Chapter 1, Task 1
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Task 16 – Make use of the spaces

Task 16

Make use of the spaces

The Camera Cure task 16
I laid down on my stomach in a garbage bin in order to get a low point of view for the camera. It was important here to get the spaces in between the cats to work so that each one stood out clearly from one another. Only small movements made by myself or the cats would have led to one cat covering over another one. Such spaces between objects in a picture are called ‘the negative space’. The main subject, the cats in this instance, constitute ‘the positive space’. In photography the positive and negative spaces are just as important as one another. When a picture doesn’t really work, the reason is usually due to the negative space. As a rule, it is because the photographer hasn’t been attentive to them.
Procida, Italy, 2000. Photo: Torkil Færø


A stress-packed schedule

We can hardly open a newspaper or scroll down Facebook’s news feed without coming across an article about how stress makes us sick. Many people’s daily lives are filled to the brim with demanding activities while others suffer the effects of having a frenetic mindset. Stress hormones then surge through our bodies. Cortisol hinders the immune system so that it isn’t able to do its job. Energy-intensive, body-related maintenance work is put on hold while tasks related to acute, life-threatening situations are prioritized. Over short periods, intense stress is both necessary and empowering. A problem arises when this state of stress lasts over a long time. Cancer cells, infections and inflammatory reactions meet lessened resistance. Stress causes both physical and psychic illness.

Stress is harmful when its is continuous and combined with a feeling of not being in control. However, being busy while feeling in control does not cause stress or illness.

It is not just the body that needs space. Our creativity also comes to a halt when we are in a situation where something has to happen all the time. We need the creative spaces in between where nothing is going on. That is when our subconscious is working for us and when the good ideas appear. This can happen when we are taking a walk, driving a car, knitting or taking a shower, i.e. when we are busy with some routine task. Then our brains enter a creative mode and the stress hormones take a break.

We need to take back these spaces and the natural breaks. It is not without reason that most religions have one day that is free each week, or that monks seek silence in order to think. It is often on days off that new ideas arise. When something is happening all of the time, nothing actually happens. It is when nothing happens that anything can happen!

Do you know someone who suffers from uncontrollable stress without having a break from it? Do you know someone who is busy but still makes sure to include breaks? What about you?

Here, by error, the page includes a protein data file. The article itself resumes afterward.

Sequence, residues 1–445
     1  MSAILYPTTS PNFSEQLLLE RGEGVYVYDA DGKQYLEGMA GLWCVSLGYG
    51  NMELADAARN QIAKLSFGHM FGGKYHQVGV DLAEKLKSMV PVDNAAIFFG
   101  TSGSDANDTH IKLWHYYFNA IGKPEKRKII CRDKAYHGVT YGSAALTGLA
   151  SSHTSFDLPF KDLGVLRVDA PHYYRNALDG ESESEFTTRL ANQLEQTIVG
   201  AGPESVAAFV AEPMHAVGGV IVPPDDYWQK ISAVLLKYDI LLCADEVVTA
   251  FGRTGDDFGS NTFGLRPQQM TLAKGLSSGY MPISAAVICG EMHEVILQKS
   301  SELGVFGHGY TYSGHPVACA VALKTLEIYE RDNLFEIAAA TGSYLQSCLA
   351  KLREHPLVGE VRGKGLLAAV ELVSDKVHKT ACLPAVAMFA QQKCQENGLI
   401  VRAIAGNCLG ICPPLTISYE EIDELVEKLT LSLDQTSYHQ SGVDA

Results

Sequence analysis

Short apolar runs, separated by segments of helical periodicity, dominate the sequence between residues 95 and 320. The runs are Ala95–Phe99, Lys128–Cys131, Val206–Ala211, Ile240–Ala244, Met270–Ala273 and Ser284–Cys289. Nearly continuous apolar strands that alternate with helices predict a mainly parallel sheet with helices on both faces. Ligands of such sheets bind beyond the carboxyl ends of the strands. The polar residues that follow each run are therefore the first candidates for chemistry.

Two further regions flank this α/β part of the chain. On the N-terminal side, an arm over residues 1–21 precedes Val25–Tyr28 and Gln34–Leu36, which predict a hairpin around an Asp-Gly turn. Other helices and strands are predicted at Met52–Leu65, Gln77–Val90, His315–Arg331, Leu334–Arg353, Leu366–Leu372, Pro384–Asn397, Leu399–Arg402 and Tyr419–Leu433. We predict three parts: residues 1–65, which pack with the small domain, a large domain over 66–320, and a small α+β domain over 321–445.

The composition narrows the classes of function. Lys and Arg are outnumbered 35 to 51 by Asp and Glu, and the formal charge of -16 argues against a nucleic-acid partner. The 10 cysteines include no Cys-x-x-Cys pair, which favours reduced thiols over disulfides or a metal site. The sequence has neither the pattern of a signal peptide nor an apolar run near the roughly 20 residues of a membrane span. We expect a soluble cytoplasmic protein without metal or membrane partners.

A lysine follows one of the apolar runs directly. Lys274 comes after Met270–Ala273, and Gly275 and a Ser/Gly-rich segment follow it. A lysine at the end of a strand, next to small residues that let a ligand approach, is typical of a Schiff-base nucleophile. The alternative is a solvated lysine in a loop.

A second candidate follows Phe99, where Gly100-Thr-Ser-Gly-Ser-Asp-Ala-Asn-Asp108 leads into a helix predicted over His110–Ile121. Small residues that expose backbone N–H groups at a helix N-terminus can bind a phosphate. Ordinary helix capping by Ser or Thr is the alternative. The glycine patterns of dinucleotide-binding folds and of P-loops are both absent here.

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Finding space

In photography, the spaces in-between, the negative spaces, can often be just as important as the picture’s main subjects. In many cases this can be what distinguishes a good picture from an ordinary one. In music, the spaces between tones create the rhythm. In films, we need a break between dramatic moments in order to collect ourselves. And in our lives we need pauses from the action to enjoy a good life rhythm. We need spaces during the course of a day, a week and a year. For it is during these breaks, when the brain gets to relax, that the ideas that will solve our problems appear. For example, this book did come into existence while only sitting in front of a computer. The composing of it came to me just as much while driving in the car, taking a shower or walking along the river.

Our photos will often be bad if the only thing that captures our attention while taking them is the main subject. It is easy to become overly fixated on the subject. We must not for- get that an important part of our task as photographers is to work out the negative space. At first, this may feel unusual, but with a little practice it will be an instinctive part of the process.

When you remember how important space is in the pictures, maybe it will occur to you more often that you also need them in everyday life. Avoid looking at your cell phone on the metro, just study your surroundings and breathe slowly.

Laura Ingalls Wilder, who wrote Little House on the Prairie, knew a woman who had an extremely hard and challenging life. When asked how she managed to endure things, she revealed that she would lie completely still on the floor for a half hour each day.


Search for the spaces in your life – at your office desk, between objects, among people, in nature – and find a rhythm in these spaces. The rhythm that you have is certainly sufficient.

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BOOK SUGGESTION: Silence: In the Age of Noise by Erling Kagge


How much better is silence; the coffee cup, the table. How much better to sit by myself like the solitary sea-bird that opens its wings on the stake. Let me sit here for ever with bare things, this coffee cup, this knife, this fork, things in themselves, myself being myself.

Virginia Woolf

The best time for planning a book is while you’re doing
the dishes.

Agatha Christie

The best ideas come when we stop brood- ing, when we let go and leave the thoughts to themselves. Then some magical power shuffles everything around in your brain until the answer comes.

Christina Bernd